Many people have hobbies, but few transform their interest into something they can share with others.
Edward G. Kardos, director of development for the VCU School of Nursing, began writing because he felt it was a creative use of time. The result is his book, “Yours, Aiden.”
“In my situation, as someone who goes to work everyday and has a family, I thought writing would be a great hobby for me,” said Kardos. “As the project progressed, I started thinking maybe I could package this as a story and other people would want to read it.”
The novel is about two young men at a Catholic boys boarding school in Virginia’s Shenandoah Valley whose paths cross during a time of transition in their lives. The book follows Sean, a steadfast, follow-the-rules person, after he meets the freewheeling Aiden.
“The story is about self-enlightenment and friendship,” Kardos said. “It is a good reflective piece to pick up and read.”
There are two central themes throughout the story. The first is the importance of living in the present.
“So many people grapple with the past and how that has impacted their lives,” Kardos said.
“The past is gone and it will never come back and the future does not exist yet. You can’t control something that doesn’t exist and you can’t control something that has already happened. So the only time that is real is right now.”
The second theme in the novel centers around the idea of listening to instinct and being true to yourself.
“You only get to go down this road once,” Kardos said. “You don’t get a second chance. Make sure it is your road you are going down.”
Kardos tied the themes of the story together in the friendship of Sean and Aiden, while being sensitive to the issues that young men wrestle with as they enter adulthood.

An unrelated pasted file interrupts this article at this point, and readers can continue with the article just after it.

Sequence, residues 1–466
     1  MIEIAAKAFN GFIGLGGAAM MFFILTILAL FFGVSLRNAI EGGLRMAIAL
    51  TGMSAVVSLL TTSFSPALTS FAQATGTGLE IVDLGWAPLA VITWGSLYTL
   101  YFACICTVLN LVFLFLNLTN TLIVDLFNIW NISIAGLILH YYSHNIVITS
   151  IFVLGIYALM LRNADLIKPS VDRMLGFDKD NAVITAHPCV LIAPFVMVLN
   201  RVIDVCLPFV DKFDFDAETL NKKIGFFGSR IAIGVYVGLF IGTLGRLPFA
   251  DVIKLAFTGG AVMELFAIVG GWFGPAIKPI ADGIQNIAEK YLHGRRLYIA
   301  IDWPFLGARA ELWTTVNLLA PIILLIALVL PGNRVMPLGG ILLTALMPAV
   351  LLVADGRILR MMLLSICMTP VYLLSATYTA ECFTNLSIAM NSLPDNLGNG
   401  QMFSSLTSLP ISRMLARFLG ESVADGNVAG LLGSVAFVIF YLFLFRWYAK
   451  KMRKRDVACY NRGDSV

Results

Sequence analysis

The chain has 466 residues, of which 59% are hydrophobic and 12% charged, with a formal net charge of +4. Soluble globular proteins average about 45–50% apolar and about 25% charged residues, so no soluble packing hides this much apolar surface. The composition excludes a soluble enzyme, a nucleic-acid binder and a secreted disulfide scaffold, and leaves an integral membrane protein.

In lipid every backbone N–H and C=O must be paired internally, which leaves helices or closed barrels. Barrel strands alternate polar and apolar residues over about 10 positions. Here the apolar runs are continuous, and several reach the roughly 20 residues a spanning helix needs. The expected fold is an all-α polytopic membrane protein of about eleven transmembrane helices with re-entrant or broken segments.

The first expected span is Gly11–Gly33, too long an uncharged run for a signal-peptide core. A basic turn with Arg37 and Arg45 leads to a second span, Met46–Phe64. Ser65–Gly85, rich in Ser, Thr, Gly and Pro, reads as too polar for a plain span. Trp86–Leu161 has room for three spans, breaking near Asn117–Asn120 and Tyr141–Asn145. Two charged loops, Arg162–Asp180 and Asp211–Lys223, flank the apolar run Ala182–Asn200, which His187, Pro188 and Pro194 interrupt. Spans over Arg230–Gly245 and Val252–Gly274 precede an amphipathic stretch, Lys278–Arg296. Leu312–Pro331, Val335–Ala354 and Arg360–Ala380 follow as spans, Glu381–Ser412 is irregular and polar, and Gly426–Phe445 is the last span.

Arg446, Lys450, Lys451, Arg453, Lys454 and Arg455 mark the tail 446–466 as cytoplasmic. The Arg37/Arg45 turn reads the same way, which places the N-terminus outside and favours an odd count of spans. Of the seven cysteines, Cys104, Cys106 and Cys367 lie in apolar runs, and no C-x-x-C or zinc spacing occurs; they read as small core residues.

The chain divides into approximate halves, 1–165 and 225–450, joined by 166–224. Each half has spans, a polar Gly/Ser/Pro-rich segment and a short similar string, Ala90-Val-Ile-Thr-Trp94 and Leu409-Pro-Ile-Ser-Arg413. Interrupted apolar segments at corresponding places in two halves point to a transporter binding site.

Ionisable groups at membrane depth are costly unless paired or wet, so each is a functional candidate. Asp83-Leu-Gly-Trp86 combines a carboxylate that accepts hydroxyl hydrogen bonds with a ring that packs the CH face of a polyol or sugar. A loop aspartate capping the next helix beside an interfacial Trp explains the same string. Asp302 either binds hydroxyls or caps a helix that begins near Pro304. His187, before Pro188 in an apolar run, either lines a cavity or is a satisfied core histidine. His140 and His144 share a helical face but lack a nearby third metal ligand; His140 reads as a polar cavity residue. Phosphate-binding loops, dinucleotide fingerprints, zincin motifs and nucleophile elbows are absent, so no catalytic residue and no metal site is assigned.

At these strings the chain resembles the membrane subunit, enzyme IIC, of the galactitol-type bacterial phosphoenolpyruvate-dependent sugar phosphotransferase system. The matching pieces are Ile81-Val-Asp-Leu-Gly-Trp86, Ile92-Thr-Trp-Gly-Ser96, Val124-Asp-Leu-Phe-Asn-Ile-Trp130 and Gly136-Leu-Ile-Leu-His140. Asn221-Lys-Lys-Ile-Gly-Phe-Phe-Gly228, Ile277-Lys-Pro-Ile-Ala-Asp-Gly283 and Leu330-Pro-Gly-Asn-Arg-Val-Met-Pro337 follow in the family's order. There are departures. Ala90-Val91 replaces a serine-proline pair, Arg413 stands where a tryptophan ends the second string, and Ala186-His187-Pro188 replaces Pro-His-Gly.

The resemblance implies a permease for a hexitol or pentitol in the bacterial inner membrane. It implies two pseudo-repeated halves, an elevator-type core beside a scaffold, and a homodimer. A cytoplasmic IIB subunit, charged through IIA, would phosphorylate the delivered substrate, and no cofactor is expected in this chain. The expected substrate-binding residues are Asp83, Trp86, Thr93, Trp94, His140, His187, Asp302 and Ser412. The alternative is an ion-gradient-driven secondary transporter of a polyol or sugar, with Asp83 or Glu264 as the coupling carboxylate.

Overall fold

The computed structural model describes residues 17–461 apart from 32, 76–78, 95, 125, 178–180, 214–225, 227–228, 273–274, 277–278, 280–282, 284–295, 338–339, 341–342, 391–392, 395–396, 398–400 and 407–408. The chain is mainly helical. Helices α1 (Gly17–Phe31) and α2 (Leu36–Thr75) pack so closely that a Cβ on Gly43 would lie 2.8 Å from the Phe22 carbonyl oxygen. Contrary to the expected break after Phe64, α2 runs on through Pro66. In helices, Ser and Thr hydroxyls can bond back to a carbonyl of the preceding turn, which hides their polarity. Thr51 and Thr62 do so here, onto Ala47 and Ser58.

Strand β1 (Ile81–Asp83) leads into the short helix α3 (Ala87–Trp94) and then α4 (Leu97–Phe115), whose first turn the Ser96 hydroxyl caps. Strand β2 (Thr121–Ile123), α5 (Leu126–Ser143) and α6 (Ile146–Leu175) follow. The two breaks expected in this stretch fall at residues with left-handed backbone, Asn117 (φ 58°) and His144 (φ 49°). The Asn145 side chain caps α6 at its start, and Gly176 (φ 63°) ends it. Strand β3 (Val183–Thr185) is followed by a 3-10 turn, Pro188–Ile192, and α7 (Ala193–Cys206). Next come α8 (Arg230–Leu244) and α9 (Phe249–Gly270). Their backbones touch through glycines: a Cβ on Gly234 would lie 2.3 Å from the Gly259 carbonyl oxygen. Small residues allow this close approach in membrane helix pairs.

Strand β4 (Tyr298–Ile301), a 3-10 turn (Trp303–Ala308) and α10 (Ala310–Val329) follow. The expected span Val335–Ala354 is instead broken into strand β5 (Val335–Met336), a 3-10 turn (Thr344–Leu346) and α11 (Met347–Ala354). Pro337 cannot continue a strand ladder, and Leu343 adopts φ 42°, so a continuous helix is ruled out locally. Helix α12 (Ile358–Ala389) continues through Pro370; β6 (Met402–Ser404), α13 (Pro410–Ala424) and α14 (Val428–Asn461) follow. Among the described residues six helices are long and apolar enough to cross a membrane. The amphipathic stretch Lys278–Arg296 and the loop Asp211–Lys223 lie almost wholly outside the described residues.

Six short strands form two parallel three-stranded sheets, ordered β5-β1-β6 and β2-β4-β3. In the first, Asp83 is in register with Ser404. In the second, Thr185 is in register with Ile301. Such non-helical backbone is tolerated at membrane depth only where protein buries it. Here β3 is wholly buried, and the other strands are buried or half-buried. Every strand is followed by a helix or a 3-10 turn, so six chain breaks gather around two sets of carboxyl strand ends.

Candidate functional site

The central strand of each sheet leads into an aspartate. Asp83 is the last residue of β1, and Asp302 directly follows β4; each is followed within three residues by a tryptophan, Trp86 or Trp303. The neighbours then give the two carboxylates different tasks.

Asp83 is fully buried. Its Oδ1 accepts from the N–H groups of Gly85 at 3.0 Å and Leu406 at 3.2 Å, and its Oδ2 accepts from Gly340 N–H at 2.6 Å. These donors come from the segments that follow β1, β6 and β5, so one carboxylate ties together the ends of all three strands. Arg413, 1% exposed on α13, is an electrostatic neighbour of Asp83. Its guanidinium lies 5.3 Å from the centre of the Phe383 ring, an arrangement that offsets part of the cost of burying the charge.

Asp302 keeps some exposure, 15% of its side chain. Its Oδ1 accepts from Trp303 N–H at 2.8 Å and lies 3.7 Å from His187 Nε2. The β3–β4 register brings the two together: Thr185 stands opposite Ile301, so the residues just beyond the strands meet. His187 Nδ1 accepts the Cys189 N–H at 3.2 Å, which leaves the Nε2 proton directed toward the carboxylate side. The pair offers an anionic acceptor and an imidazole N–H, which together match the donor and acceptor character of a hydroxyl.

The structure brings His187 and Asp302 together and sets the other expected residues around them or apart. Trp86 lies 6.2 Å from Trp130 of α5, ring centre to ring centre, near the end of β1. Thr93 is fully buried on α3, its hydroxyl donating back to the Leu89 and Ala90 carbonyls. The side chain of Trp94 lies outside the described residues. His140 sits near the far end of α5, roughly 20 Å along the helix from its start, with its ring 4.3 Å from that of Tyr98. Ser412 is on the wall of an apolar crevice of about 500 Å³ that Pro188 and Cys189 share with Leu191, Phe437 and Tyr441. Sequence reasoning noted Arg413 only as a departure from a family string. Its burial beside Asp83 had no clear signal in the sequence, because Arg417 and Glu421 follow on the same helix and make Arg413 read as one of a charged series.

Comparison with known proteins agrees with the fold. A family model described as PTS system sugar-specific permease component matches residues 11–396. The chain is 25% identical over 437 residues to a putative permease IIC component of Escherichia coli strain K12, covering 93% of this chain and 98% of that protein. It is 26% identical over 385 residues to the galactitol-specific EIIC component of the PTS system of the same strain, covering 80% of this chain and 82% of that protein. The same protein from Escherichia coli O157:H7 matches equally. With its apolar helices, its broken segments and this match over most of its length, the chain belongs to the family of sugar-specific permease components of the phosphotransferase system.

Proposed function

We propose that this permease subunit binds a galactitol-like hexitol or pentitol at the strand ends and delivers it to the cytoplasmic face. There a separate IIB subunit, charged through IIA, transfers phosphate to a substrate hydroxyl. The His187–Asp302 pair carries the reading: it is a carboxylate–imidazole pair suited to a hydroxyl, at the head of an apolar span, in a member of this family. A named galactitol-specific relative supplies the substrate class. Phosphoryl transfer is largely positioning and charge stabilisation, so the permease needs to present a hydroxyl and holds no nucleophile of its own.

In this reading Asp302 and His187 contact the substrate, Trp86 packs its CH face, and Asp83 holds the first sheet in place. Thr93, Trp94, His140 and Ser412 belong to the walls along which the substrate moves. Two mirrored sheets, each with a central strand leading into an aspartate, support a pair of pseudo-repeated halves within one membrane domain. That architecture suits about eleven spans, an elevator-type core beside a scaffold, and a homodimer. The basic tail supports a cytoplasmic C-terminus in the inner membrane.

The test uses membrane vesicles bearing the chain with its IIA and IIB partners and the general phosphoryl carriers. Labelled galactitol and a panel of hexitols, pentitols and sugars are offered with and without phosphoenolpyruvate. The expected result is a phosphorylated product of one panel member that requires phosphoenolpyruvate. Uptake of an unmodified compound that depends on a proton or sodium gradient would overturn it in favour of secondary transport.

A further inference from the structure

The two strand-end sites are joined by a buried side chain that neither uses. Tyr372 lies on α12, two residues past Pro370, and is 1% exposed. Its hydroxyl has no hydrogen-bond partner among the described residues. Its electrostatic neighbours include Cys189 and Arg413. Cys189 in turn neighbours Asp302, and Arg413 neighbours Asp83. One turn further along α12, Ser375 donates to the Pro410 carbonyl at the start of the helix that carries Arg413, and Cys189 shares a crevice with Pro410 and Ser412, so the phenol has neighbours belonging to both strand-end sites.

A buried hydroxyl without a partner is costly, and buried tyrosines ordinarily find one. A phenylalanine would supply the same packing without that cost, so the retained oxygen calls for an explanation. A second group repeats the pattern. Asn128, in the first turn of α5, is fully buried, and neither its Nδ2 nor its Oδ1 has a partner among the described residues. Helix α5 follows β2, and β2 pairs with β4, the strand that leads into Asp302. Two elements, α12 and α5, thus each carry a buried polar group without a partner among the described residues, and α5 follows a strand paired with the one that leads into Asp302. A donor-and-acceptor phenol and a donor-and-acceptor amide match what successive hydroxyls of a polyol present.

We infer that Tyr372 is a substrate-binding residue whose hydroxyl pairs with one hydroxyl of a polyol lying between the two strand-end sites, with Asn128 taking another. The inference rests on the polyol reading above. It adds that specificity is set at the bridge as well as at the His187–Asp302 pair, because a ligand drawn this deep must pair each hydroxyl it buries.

“It (“Yours, Aiden”) has a great message for people in school who are deciding what is important in life,” Kardos said. “I think sometimes we overlook what is right in front of us.”
There are parallels between the themes in the book and the inspirations that Kardos found to write the novel. Kardos says he writes for himself, for fun and he wanted to write about something that he believes is important. He also discovered that the greatest obstacle to writing came from within him.
“All the excuses over the years like I don’t have time to do it or I’m not in the mood to sit down and write, those were the real obstacles,” he said. “Then I decided that this is what I would like to do so I am going to carve out the time and do it.”
Finding the time to write is no small task for Kardos. In addition to his position at VCU, he is married and is the father of four young children, including twins.
“If I knew ahead of time the time and work that I would put into writing I may have been discouraged from the beginning,” said Kardos. “Looking back, I’m glad I was na